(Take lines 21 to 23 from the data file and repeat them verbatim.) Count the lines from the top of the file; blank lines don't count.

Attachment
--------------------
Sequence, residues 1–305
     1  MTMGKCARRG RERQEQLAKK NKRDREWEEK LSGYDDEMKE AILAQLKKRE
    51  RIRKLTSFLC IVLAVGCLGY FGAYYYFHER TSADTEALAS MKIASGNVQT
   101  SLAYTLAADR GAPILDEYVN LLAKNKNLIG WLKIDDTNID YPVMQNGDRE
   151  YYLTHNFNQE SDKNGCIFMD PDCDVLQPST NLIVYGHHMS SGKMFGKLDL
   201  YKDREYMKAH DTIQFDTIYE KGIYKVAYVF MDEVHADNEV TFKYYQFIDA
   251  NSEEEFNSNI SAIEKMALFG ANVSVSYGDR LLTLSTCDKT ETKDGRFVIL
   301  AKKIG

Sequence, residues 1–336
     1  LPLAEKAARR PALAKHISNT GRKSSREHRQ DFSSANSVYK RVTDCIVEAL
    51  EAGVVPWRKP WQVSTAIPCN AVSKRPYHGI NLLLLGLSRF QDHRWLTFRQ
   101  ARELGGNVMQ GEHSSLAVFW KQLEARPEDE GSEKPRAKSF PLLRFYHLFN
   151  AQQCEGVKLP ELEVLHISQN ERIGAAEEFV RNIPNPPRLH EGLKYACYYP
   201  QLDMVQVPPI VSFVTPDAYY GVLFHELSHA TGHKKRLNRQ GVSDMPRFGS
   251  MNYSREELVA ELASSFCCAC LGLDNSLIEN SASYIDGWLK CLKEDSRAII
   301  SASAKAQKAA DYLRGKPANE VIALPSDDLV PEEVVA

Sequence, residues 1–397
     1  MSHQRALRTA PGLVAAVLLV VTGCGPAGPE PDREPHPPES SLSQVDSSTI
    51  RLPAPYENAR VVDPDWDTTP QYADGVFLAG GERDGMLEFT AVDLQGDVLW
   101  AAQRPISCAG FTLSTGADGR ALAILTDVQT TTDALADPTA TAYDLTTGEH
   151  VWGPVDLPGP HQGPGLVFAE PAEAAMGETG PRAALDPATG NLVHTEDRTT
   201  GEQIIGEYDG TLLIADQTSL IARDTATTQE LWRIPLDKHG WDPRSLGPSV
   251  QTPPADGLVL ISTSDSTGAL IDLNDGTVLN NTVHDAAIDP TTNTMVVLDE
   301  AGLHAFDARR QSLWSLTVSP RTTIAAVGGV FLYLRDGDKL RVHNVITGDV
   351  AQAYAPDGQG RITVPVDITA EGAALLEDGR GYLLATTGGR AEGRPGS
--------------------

   151  VWGPVDLPGP HQGPGLVFAE PAEAAMGETG PRAALDPATG NLVHTEDRTT
   201  GEQIIGEYDG TLLIADQTSL IARDTATTQE LWRIPLDKHG WDPRSLGPSV
   251  QTPPADGLVL ISTSDSTGAL IDLNDGTVLN NTVHDAAIDP TTNTMVVLDE